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In 1803, the Louisiana Purchase transformed the boundaries of the United States. In the process, it forced Americans to rethink how they conceived of expansion, landscape, and nation. This article examines the cultural production that followed, focusing primarily on the ways that Americans represented the West in pamphlets, travel narratives, and maps. This article also seeks to challenge some familiar assumptions about westward expansion while seeking to provide models for interdisciplinary inquiry that connect policymaking to print and visual culture.
This article argues that rather than the unrestrained expansionism so often associated with the early American republic, the print and visual culture that accompanied the Louisiana Purchase expressed profound ambivalences toward the West and toward expansion. Equally important, this outlook was never entirely the result of fears about expansion itself. Instead, a combination of factors—political philosophy, publishing technology, and policymaking necessity—combined to shape the ways Americans went about describing the West. Meanwhile, the narrative personae of western explorers who aimed for public careers in the civil and military branches of the federal government further informed the notion that the West presented profound dangers to the union. All of these factors combined to question the tangible benefits of expansion into the Far West beyond the Mississippi, even as those forms of express drew on the celebration of expansion into the Near West during the decades before 1803. This article begins by examining the conventions of western landscape description that preceded the Louisiana Purchase. It then examines the political pamphlets that came in the immediate aftermath of the Purchase, and then the travel narratives and books produced by the first federal expeditions into the Purchase territories. This article concludes by explaining how Americans later reconfigured the images of the Louisiana Purchase to fuel a pro-expansionist outlook in the antebellum era. This change was partly the result of shifts in public sentiment and political culture, but it was also the result of shifts in the American cartographic industry and the rising power of new generic forms, specifically the novel and landscape painting.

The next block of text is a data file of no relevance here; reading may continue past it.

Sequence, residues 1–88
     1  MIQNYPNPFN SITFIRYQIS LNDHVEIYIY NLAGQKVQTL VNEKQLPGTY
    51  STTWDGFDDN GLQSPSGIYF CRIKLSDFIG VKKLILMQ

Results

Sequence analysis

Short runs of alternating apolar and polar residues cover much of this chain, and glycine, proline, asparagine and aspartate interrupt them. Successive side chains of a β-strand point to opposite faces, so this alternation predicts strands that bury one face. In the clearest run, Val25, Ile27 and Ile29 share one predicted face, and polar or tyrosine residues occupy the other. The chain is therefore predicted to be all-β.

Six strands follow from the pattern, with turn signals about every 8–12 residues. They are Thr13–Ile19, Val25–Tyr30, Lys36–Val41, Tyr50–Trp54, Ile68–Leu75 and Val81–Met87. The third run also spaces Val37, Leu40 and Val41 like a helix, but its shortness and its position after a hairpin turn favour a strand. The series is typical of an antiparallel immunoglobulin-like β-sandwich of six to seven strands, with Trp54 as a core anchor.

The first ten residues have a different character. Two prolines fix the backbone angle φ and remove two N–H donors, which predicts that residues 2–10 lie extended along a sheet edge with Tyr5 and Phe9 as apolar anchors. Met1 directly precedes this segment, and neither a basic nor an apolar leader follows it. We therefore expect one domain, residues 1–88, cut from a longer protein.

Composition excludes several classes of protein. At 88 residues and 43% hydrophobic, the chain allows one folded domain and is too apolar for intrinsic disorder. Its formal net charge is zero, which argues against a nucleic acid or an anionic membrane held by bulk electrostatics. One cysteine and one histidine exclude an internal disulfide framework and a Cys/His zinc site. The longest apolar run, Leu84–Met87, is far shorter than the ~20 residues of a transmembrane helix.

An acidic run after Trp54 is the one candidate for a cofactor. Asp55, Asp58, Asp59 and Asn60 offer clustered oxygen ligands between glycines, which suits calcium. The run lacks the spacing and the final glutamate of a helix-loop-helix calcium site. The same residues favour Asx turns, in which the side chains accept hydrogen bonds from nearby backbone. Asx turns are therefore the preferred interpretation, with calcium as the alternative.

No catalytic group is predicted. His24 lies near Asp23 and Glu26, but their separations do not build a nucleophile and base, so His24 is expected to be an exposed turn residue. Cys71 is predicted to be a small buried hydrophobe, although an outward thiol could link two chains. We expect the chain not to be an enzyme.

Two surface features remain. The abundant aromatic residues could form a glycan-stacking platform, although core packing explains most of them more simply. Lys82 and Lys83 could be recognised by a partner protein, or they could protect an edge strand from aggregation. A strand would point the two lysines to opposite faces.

This article seeks to engage a broad range of writing for scholarly and general audiences alike. For generations, it has been standard practice to situate the Louisiana Purchase as a touchstone in the broader story of Anglo-American expansionism. This article argues instead that American settlers may have eagerly sought additional lands in the West, but American policymakers, pamphleteers, explorers, and cartographers were more circumspect. While hardly opposed to American dominance, they described challenges of a more practical nature in the West that might exceed the capacities of the federal government.
This article situates the discussion of the Purchase and its aftermath within a broader context of expansionism, print, and visual culture in the early republic. Indeed, a crucial claim of this article is that historians of federal policymaking and scholars on cultural production—fields that often function in isolation—stand to reap enormous benefits from a close conversation that considers the way cultural production shaped the way policymaking decision appeared to the general public as well as the policymaking priorities that shaped how Americans represented their nation and themselves.